Carole McDonnell, |
I must be getting old. I find I have little patience with fantasy with complex world-building that requires one to constantly flip back to a glossary to find out who's who and what's what. Carole McDonnell's lushly written novel reflects meticulous work to construct her medieval African world, but she has packed so much into the novel that it threatens to drown the story.
The story is narrated in the first person in alternating chapters by Loic, the son of a Doreni chieftain, and Satha, his wife, the daughter of a poor tentmaker and of the Theseni clan, a darker-skinned people. Satha is reluctant at first, but soon becomes devoted to Loic, whose "falling sickness" (epilepsy) has some viewing him as a shaman.
Eventually, Satha is "dishonored," and this is probably where things fell apart for me. She is raped by her mother-in-law's cousin and, as a result, the baby she is carrying is stillborn while she nearly bleeds to death. The mother-in-law, who is only called Third Wife and is so cartoonlike in her depiction that I see her as the evil stepmother in a Disney fairy-tale movie, has planned this so that Loic can no longer "couch" Satha because she has "lain with another man." It's bad enough that she's cackling about it, but it would seem that everyone buys into it, including Satha.
It's the idea of "dishonor" that made me want to throw the book across the room. The concept stands for such a fantasy cliche that I'm surprised that anyone still uses it. Granted, Loic's father decides to eliminate that belief from the teachings -- although how convenient is it that he can do so -- but that it was there in the first place is just annoying. In addition, I didn't need every detail of the rape described to me any more than I needed a step-by-step description of Loic and Satha's first "couching."
I would also like to read a fantasy where people speak rather than declaim in formal-sounding language. Every sentence is so carefully composed that it almost seems that the characters are reciting from a script. It adds weight to a book that is already heavy with theological underpinnings and multicultural complexities.
McDonnell does have a gift for description and in general writes well. But except for the Africa-like setting, there really isn't much here that's new.
by Donna Scanlon
Wind Follower is a breath of fresh air in the romantic fantasy genre. While a freshman effort for the author, Carole McDonnell has a deft grip of social concepts and worldbuilding and a gift for lyrical prose. McDonnell's world is based on a multiracial culture, including ancient African, Asian and Caucasian tribes with multiple religious beliefs.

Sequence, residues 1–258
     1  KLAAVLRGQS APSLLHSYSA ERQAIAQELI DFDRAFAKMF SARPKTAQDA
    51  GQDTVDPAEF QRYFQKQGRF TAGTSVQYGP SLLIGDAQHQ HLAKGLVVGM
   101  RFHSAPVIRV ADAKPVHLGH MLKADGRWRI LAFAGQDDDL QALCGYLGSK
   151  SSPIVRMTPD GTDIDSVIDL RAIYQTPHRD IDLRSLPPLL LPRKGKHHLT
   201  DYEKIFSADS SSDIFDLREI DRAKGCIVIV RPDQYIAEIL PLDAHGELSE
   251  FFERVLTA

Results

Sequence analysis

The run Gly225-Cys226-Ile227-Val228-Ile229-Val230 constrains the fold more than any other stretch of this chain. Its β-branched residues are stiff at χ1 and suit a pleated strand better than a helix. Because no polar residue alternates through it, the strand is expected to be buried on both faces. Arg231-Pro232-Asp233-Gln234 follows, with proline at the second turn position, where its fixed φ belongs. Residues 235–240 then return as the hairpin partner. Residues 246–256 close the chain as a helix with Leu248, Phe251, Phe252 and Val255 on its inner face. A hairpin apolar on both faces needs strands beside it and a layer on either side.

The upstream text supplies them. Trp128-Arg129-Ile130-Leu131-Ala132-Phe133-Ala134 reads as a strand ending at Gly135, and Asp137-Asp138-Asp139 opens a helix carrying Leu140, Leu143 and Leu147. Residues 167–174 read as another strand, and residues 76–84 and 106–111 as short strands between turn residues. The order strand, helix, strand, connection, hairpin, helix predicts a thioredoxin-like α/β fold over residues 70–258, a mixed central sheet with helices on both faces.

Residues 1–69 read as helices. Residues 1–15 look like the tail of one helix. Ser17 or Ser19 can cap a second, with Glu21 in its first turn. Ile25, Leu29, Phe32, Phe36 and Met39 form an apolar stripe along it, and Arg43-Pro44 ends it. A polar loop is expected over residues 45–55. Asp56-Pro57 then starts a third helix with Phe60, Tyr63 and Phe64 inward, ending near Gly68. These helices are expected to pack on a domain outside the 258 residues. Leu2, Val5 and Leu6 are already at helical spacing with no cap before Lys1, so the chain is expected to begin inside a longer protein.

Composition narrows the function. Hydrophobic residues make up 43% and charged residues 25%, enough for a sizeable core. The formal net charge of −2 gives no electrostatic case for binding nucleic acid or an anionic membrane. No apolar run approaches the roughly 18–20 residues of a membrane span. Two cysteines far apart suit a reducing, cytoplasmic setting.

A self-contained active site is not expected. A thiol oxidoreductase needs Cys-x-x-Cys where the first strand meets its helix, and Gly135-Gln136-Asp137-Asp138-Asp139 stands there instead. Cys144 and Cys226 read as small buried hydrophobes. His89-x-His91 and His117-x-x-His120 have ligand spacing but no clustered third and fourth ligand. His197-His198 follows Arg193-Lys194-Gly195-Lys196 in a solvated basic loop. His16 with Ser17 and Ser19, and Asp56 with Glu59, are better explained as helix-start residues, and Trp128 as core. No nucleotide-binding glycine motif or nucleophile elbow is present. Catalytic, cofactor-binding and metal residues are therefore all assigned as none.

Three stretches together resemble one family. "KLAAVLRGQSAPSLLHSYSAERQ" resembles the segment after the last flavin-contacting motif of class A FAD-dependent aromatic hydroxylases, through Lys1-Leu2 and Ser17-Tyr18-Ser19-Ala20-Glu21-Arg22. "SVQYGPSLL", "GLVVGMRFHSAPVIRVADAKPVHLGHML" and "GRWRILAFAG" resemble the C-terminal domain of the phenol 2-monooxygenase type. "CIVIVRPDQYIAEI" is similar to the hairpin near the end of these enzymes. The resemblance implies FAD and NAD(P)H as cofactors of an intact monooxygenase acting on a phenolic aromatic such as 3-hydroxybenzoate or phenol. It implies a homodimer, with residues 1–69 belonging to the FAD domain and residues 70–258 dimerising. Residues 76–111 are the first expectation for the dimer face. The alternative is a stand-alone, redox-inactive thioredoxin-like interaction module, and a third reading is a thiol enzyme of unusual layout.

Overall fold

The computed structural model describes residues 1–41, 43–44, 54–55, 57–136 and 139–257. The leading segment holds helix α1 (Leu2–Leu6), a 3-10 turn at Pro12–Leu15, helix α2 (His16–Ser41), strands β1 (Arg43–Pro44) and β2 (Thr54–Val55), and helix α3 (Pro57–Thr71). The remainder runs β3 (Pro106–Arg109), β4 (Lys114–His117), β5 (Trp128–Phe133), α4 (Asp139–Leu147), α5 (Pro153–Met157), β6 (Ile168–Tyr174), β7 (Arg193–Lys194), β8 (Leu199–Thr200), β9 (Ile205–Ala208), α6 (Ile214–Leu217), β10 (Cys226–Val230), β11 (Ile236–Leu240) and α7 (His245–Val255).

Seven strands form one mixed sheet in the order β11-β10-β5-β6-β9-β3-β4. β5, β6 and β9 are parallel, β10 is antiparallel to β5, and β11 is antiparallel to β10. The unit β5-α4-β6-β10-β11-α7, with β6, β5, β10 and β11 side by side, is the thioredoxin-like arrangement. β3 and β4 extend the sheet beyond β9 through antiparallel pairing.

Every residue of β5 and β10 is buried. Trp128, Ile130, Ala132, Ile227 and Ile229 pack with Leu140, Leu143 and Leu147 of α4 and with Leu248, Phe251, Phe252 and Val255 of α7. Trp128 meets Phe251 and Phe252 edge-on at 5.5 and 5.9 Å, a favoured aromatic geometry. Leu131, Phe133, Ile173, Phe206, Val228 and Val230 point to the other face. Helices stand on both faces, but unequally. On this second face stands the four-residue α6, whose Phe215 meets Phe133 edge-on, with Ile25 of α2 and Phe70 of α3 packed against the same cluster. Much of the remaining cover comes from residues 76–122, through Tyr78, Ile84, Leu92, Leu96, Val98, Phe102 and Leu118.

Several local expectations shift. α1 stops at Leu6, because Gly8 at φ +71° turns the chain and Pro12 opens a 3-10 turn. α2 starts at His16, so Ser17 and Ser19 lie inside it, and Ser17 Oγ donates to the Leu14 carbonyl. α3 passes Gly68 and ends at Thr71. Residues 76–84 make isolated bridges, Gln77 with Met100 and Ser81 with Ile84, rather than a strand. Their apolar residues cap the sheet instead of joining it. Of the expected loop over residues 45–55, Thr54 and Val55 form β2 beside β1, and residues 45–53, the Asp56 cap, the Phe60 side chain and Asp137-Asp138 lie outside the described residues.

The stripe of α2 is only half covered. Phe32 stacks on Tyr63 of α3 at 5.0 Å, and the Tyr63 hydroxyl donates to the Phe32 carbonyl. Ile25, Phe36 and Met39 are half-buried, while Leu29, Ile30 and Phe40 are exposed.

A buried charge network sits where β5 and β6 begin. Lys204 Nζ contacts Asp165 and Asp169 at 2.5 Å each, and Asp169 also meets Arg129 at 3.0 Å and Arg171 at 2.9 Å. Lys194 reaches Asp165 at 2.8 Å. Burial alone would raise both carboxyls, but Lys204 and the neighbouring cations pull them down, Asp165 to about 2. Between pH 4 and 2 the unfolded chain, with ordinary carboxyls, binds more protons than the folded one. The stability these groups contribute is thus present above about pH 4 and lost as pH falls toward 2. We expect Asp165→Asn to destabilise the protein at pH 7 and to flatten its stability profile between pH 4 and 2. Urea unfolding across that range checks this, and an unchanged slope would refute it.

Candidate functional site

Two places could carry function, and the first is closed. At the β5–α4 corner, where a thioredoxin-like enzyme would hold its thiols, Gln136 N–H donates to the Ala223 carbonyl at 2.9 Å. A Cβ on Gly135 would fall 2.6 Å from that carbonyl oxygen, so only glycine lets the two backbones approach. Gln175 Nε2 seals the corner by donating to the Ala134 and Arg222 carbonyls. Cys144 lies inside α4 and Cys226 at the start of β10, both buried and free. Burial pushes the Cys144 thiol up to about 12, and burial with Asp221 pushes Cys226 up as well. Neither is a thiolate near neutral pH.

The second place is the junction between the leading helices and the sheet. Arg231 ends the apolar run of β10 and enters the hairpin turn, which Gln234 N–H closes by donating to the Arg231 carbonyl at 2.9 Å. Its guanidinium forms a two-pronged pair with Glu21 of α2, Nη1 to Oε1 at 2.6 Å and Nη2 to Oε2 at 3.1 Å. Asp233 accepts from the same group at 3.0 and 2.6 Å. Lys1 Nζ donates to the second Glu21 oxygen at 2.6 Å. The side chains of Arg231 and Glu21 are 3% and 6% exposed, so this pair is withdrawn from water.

The primary tale is a love story between impulsive young Loic, a sensitive Pagatsu warrior with falling-disease and the ability to see others' hearts, and Satha, a Theseni spinster who was not chosen for marriage because of her too-dark skin and poverty. Eighteen-year-old Loic falls instantly in love with Satha, who was old enough to have known him as a baby, and insists upon an instant marriage. Satha is not so quick to fall for her passionate young husband, but she agrees to the arrangement to help elevate her family from their misfortunes.
Satha is thrust without the customary year's training in horse riding, food knowledge, daggerwork and diplomacy into the role of Arhe and soon-to-be mother. Her compassion for an adulterous mother-in-law leads her into rape and degradation and war with a former ally. This particular scene was difficult to read. Kudos to McDonnell who depicted rape as an act of violence and power rather than erotica. The results of this act change the lives of the couple dramatically. While an angry Loic goes off to fight, Satha is kidnapped and taken into slavery by the Angleni, the fair-skinned invaders.
McDonnell's literary sword is as fine as Damascus steel. While most writers strive for a good line every few pages, Wind Follower is chock full of memorable verbiage. In addition, the story has some excellent advice for everyone, including: Those who gossip with you will often gossip about you.
Not only is McDonnell a gifted wordsmith, the glossary at the end of this novel shows how much time and consideration she's put into world-building. These documents, along with Patricia Wrede's world-building questionnaire, are fine examples for any aspiring fantasy author.
by Becky Kyle